Don't look to the business world to replace Summers

The Chairman of the National Economic Council is the gatekeeper to the Oval Office for economic information and principal advisor to the president of policies for economic recovery.

He prepares the daily brief on all the economic data journalists and analysts report and write about. Hence, replacing him with someone from industry, for example Anne Mulcahy, former chief executive of Xerox, would be a mistake, even if that is likely to happen.

Simply, Ms. Mulcahy does not have the background to effectively advise the president on the intricacies of topics ranging from the Consumer Price Index to the effects of inventory purchases on actual and sustainable GDP growth. Think of it like an NFL team — you want a running back to be a running back, not a wide receiver.

The administration needs private industry expertise, but other vacancies will emerge in the cabinet — for example, commerce secretary — and it would be better to put Ms. Mulcahy there, or at Health and Human Services to implement national health care. She is currently chairwoman of Save the Children.

Whoever the president picks, he (or, more likely, she) will be liberal. Economists know that temporary investment tax credits and jobs tax credits only have temporary and quite limited effects, but this president likes those sorts of things. Mr. Summers' replacement must be an economist who will go along with those policies or an industry leader who can provide them with a gloss of respectability or be excused for not knowing better. This person, if it is an economist, must soft peddle the limitations of policy tools the president likes.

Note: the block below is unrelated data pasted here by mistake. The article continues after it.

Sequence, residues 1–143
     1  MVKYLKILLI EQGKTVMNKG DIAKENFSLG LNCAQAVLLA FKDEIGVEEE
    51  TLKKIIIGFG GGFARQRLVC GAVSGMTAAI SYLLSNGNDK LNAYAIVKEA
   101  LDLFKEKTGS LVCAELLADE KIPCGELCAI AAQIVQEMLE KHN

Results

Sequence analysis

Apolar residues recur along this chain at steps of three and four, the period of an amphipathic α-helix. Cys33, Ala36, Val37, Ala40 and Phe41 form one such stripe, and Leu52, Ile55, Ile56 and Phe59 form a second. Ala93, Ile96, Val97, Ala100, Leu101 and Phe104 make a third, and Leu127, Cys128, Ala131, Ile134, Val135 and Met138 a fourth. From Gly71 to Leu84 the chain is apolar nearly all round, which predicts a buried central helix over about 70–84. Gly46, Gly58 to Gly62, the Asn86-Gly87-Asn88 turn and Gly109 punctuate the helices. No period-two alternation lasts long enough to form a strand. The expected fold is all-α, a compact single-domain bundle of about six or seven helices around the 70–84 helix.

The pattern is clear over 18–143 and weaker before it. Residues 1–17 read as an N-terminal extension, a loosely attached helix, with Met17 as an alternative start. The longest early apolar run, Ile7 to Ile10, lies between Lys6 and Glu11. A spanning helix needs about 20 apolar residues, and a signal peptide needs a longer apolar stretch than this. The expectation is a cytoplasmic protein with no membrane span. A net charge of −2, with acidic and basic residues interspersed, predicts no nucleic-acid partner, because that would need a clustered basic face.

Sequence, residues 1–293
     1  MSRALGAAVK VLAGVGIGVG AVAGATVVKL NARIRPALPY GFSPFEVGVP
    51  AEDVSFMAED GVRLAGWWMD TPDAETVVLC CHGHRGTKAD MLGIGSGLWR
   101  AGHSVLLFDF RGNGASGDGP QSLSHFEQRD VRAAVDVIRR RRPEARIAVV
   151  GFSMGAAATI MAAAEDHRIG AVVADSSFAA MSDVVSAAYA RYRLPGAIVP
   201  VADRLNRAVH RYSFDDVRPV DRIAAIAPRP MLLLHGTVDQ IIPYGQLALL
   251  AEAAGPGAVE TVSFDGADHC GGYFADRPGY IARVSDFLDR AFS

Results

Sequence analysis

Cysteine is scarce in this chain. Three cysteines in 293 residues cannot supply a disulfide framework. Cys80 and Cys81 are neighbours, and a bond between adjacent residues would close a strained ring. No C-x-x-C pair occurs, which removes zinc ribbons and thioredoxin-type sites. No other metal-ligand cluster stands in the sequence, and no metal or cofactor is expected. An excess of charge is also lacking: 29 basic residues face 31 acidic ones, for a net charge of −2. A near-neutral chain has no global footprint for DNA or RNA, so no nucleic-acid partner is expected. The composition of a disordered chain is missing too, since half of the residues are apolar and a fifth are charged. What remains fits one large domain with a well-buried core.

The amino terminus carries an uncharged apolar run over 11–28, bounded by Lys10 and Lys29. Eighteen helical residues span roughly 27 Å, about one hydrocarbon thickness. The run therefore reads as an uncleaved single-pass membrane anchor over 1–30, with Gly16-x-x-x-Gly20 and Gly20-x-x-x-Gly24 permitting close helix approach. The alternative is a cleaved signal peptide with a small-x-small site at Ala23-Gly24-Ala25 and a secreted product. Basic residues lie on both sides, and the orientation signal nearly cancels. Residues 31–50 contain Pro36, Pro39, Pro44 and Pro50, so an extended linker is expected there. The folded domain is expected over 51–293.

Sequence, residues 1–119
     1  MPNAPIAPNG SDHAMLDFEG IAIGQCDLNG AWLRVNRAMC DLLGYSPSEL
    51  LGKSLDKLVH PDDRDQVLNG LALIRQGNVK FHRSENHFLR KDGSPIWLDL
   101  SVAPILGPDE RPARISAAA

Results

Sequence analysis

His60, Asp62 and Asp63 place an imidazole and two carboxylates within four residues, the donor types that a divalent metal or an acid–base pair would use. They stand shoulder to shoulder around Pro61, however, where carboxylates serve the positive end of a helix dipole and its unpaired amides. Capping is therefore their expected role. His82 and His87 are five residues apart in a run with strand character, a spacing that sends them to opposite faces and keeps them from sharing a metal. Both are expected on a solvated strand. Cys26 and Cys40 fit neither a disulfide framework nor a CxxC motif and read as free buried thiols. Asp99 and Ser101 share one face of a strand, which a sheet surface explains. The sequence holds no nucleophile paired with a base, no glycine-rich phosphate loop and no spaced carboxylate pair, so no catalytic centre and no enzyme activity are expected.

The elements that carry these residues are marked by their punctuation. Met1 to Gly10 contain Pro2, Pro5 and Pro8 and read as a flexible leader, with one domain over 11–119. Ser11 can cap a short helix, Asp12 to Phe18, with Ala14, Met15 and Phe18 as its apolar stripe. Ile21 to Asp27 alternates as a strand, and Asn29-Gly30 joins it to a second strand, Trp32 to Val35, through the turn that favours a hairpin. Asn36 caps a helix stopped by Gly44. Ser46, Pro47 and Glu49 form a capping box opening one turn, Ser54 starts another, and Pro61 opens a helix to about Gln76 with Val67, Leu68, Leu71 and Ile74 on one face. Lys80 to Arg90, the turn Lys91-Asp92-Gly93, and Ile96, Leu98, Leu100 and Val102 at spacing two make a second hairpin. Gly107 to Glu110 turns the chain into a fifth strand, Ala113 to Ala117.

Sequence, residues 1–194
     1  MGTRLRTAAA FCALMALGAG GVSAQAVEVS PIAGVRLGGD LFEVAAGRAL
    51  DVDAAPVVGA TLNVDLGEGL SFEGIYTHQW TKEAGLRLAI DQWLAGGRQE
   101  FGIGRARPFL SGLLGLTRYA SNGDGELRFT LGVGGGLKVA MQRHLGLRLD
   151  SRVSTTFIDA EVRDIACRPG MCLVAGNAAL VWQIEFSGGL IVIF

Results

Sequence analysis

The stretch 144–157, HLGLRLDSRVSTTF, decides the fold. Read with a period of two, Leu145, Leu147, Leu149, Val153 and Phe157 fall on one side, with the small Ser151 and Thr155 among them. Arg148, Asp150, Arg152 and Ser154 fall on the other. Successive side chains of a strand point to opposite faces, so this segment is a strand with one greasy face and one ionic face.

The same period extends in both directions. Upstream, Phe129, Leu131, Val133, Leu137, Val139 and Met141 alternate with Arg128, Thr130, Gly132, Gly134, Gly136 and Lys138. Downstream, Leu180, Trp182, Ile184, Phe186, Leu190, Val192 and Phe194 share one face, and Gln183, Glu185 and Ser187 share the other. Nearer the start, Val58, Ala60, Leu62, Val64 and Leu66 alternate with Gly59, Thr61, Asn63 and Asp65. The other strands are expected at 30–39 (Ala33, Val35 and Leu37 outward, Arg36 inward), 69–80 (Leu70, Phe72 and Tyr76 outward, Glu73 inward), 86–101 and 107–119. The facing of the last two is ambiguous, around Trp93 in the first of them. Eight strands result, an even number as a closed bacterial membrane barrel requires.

Often mentioned Laura Tyson is the perfect fit. She is a champion of industry and manufacturing, liberal and an accomplished economist — though rather flexible in her interpretation of economic evidence. She is not the Harvard theoretician northeastern liberal establishment economists would recommend — a.k.a. Alan Blinder from Princeton — but the establishment can't oppose her because of her tour of duty as President Clinton's chairwoman of the Council of Economic Advisors.

Summers deputy Diana Farrell has liabilities among manufacturers. She has a track record of advocating outsourcing. That would make her a friend of multinationals heavily invested in China, like Caterpillar and GE, but would hurt her with domestically focused companies that want something done about China.

If the president goes with Ms. Farrell, it is a key indicator he is not serious about outsourcing and doing something about China's currency and protectionism.

Finally, the best person for the job may be Mr. Blinder. I prefer Ms. Tyson for her industry roots, but Mr. Blinder is likely most acceptable to Wall Street and the Harvard/Princeton axis of ideological and credentials purity. He could be treasury secretary or Federal Reserve chairman — Ms. Tyson would be poor choices for those jobs. Mr. Summers' position would permit the president to test drive Mr. Blinder. However, look for the president to go with a woman because the other two top economics posts are held by men.

Peter Morici is a professor at the Smith School of Business at the University of Maryland and former chief economist at the U.S. International Trade Commission. His e-mail is

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